When the Supreme Court ruled 7-2 in favor of a Christian baker in the Masterpiece Cakeshop case, it was an extremely narrow ruling that did not suggest anti-gay discrimination was acceptable for religious reasons. The case was mostly decided on a technicality.
It was a different story today in the UK in a case involving Amy and Daniel McArthur, the evangelicals owners of Ashers Baking Company. The McArthurs refused to make a cake for a customer, featuring Sesame Street‘s Bert and Ernie and saying “Support Gay Marriage,” for the International Day Against Homophobia. They said a cake promoting homosexuality in that way (leaving aside that Bert and Ernie are puppets with no sexual orientation) went against their Christian beliefs.
Today, the British Supreme Court ruled 5-0 that the couple had every right to deny making that cake, more broadly saying that business owners didn’t have to promote a message they personally found objectionable.
Judge Brenda Hale said Wednesday that their objection was to the message on the cake, not to the personal characteristics of the customer. She said in her ruling in what has been dubbed the “gay cake” case that while it is “deeply humiliating, and an affront to human dignity” to deny service because of sexual orientation, “that is not what happened in this case.”
Speaking earlier in the case, David Scoffield, lawyer for the bakery’s owners, said that the family should not be compelled to create a product “to which they have a genuine objection in conscience.”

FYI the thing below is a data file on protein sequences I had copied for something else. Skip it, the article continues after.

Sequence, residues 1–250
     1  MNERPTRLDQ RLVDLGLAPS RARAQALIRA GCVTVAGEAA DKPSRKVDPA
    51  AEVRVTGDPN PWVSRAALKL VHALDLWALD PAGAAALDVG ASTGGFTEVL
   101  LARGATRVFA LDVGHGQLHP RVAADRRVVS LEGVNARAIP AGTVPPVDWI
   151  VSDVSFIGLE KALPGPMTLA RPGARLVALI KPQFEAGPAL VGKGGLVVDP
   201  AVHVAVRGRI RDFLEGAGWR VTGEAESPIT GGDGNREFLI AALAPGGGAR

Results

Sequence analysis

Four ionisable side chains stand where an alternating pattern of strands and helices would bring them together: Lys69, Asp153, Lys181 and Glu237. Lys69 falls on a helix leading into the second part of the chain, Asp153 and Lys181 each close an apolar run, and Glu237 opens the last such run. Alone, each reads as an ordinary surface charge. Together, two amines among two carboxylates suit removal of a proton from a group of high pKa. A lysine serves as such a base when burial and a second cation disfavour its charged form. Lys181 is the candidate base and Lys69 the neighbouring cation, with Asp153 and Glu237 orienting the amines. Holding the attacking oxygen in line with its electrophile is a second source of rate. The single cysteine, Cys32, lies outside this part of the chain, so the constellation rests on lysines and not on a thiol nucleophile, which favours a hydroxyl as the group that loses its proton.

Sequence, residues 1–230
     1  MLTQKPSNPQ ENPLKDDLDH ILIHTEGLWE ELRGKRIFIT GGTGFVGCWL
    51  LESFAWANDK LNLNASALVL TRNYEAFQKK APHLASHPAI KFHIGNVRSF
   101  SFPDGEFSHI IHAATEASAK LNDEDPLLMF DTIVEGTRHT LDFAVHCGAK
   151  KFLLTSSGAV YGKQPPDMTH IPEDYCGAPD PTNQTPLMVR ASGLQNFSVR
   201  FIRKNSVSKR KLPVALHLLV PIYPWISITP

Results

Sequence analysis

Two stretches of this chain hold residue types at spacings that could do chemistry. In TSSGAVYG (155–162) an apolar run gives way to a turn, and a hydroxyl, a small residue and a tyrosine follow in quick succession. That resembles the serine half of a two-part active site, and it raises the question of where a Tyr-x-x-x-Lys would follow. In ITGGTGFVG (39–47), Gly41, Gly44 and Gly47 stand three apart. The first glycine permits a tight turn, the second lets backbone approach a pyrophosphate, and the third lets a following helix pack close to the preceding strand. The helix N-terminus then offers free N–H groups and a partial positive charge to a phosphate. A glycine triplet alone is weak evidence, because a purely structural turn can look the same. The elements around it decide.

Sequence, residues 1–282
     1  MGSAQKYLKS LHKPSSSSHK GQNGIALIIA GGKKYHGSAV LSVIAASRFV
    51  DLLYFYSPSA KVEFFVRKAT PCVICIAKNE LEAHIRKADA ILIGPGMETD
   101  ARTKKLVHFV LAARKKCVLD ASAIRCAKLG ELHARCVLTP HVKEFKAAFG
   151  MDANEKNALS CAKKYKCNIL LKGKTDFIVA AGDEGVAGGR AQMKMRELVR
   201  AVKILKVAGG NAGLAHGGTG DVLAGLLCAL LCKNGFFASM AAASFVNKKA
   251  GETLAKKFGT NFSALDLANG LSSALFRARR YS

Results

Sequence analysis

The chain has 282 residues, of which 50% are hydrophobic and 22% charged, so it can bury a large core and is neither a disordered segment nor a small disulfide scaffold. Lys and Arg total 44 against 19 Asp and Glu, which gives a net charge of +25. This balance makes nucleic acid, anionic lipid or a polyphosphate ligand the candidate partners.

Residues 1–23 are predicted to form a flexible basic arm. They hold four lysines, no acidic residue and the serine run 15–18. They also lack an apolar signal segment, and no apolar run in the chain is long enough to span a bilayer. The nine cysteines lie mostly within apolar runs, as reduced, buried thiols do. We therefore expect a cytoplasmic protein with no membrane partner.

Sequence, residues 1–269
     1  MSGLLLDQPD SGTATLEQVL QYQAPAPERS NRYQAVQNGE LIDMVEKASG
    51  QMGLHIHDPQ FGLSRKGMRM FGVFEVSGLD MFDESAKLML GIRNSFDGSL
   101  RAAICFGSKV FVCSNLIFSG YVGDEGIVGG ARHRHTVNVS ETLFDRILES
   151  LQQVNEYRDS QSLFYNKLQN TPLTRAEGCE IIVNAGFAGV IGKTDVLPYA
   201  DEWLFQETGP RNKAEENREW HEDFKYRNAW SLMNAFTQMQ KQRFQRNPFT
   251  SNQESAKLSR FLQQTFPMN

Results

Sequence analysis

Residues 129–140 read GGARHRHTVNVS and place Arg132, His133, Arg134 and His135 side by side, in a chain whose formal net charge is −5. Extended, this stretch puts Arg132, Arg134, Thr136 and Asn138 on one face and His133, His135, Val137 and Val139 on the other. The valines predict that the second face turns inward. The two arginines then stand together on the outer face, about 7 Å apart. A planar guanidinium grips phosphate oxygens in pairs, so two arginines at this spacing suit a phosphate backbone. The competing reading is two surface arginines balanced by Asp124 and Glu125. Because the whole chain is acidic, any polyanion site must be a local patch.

Just to be clear, that makes this a fundamentally different story from Masterpiece. In that case, the couple hadn’t even asked for a special cake promoting their same-sex union. When the owner realized they were looking for a wedding cake, he wouldn’t even sell them the same cake he would normally sell straight couples. That’s what made his bigotry different from the McArthurs’ bigotry. This was about “the message, not the messenger,” as the ruling noted. It also suggests the British Supreme Court would have ruled against Masterpiece’s Jack Phillips if the situations were reversed.
The justices even said that in a postscript to the ruling, citing the U.S. case:
The important message from the Masterpiece Bakery [sic] case is that there is a clear distinction between refusing to produce a cake conveying a particular message, for any customer who wants such a cake, and refusing to produce a cake for the particular customer who wants it because of that customer’s characteristics. One can debate which side of the line particular factual scenarios fall. But in our case there can be no doubt. The bakery would have refused to supply this particular cake to anyone, whatever their personal characteristics. So there was no discrimination on grounds of sexual orientation.
The ruling now poses the question whether it would be lawful, for instance, for a bakery to refuse to make a bar mitzvah cake because the bakers’ owners disagreed with ideas at the heart of the Jewish religion? What about a cake promoting “the glory of Brexit”, “support fox hunting”, or “support veganism”?
This opens a lot of doors that the McArthurs may never have anticipated.
Was the ruling a mistake? Possibly, but only because it’s so broad. It’s one thing to permit bakers to refuse to make cakes with hateful messages on them, but this could allow de facto discrimination to occur all over the place.
Could the McArthurs refuse to make a cake for gay customers that just has a rainbow? What about a birthday cake from an openly gay customer to his partner that says “Happy birthday” with a winking emoji afterwards? How explicit does the message need to be before “freedom of conscience” kicks in? We don’t know.
This issue was already messy. It’s about to get a lot messier.